Query Analyzer

Quickly analyze an SQL command, without any instrumentation
The Query Analyzer is designed to analyze SQL queries using their execution plans. The tool takes an SQL command and its corresponding execution plan as input and provides insights into the query's performance, potential optimization opportunities, and any issues that might affect its execution.
The Query Analyzer analyzes various aspects of the query, such as the tables and indexes used, the join and filtering conditions, the order of operations, and the estimated and actual number of rows returned. It also provides recommendations for optimizing the query, such as adding or modifying indexes, rewriting the query, or modifying the schema design.
The Query Analyzer is a simple and great solution for analyzing a small number of SQL Commands. To analyze SQL commands at scale, such as your entire QA scenarios use Metis SDK.

Step 1 - Paste the SQL Command

This step is pretty straightforward. Open the Query Analyzer and paste the SQL Command. Or, if you just want to get a better understanding of the tool, you can try one of the built-in examples
select *
from postgres_air.flight
where flight_id = 108340

Step 2 - Retrieve the Execution Plan

The SQL command instructs the DB engine what data to return while the execution plan is a set of instructions on how to execute the query. The execution plan is generated by the database engine and provides detailed information including the order of operations, the tables and indexes accessed, the join and filtering conditions, and the estimated and actual number of rows returned by each operation. The execution plan is essential for understanding the performance characteristics of a query and identifying potential optimization opportunities.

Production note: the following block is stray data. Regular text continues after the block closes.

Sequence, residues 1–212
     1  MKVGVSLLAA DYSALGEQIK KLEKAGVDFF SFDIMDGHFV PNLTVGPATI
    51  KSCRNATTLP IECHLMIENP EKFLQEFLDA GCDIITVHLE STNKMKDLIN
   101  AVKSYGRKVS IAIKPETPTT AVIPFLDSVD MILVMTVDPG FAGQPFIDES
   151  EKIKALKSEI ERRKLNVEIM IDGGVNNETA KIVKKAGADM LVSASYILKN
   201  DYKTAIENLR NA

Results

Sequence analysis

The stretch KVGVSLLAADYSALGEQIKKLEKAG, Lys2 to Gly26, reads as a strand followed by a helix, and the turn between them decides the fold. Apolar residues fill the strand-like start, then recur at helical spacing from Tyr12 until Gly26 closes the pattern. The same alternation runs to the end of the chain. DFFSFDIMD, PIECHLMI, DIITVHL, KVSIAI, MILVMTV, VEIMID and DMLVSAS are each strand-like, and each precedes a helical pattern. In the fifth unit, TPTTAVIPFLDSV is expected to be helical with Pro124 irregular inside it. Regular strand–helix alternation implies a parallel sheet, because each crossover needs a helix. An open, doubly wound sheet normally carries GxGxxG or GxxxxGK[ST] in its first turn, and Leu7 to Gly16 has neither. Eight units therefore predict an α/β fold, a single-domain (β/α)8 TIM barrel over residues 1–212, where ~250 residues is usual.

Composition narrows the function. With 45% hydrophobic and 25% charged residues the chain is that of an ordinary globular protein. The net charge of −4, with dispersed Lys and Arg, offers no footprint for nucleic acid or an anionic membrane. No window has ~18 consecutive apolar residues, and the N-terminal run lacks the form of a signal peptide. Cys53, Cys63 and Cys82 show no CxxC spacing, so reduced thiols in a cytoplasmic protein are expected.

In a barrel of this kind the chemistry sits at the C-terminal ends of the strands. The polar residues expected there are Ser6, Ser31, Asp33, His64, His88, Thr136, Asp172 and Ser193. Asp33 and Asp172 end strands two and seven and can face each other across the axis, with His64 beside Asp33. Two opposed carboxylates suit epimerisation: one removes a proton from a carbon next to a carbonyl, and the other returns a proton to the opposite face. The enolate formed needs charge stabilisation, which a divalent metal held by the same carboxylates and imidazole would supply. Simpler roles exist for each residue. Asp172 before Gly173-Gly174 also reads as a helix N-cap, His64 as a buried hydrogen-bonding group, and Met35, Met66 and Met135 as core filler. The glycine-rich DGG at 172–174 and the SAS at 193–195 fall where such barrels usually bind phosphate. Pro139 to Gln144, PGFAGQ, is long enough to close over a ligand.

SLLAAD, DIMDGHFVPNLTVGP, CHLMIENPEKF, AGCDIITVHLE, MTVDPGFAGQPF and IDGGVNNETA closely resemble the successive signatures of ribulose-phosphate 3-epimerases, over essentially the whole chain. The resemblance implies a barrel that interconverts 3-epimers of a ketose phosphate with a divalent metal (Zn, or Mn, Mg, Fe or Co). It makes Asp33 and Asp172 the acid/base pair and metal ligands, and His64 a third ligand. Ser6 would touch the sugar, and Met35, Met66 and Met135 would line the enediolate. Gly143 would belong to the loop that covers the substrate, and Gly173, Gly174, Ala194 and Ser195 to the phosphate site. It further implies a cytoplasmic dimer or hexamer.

There are two types of execution plans: estimated and actual. We recommend using the actual one. For more details about the differences between the two types see Metis Building Blocks or PostgreSQL documentation.
The execution plan must be created using one of the following commands:
Actual - EXPLAIN (ANALYZE, COSTS, VERBOSE, BUFFERS, TIMING, FORMAT JSON)
Estimated - EXPLAIN (COSTS, VERBOSE, BUFFERS, FORMAT JSON)
For ex. The code below generates the actual execution plan of the query as JSON.
EXPLAIN (ANALYZE, COSTS, VERBOSE, BUFFERS, TIMING, FORMAT JSON)
select *
from postgres_air.flight
where flight_id = 108340
The execution plan looks similar to this:
{
"Plan": {
"Node Type": "Index Scan",
"Parallel Aware": false,
"Scan Direction": "Forward",
"Index Name": "flight_pkey",
"Relation Name": "flight",
"Schema": "postgres_air",
"Alias": "flight",
"Startup Cost": 0.42,
"Total Cost": 8.44,
"Plan Rows": 1,
"Plan Width": 71,
"Output": [
"flight_id",
"flight_no",
"scheduled_departure",
"scheduled_arrival",
"departure_airport",
"arrival_airport",
"status",
"aircraft_code",
"actual_departure",
"actual_arrival",
"update_ts"
],
"Index Cond": "(flight.flight_id = 108340)",
"Shared Hit Blocks": 0,
"Shared Read Blocks": 0,
"Shared Dirtied Blocks": 0,
"Shared Written Blocks": 0,
"Local Hit Blocks": 0,
"Local Read Blocks": 0,
"Local Dirtied Blocks": 0,
"Local Written Blocks": 0,
"Temp Read Blocks": 0,
"Temp Written Blocks": 0,
"I/O Read Time": 0,
"I/O Write Time": 0
},
"Planning": {
"Shared Hit Blocks": 0,
"Shared Read Blocks": 0,
"Shared Dirtied Blocks": 0,
"Shared Written Blocks": 0,
"Local Hit Blocks": 0,
"Local Read Blocks": 0,
"Local Dirtied Blocks": 0,
"Local Written Blocks": 0,
"Temp Read Blocks": 0,
"Temp Written Blocks": 0,
"I/O Read Time": 0,
"I/O Write Time": 0
},
"Planning Time": 0.066
}

Step 3 - Run Query Analyzer

Make sure you pasted both the SQL and its execution plan and click on Submit.
The web app will show you the query analysis.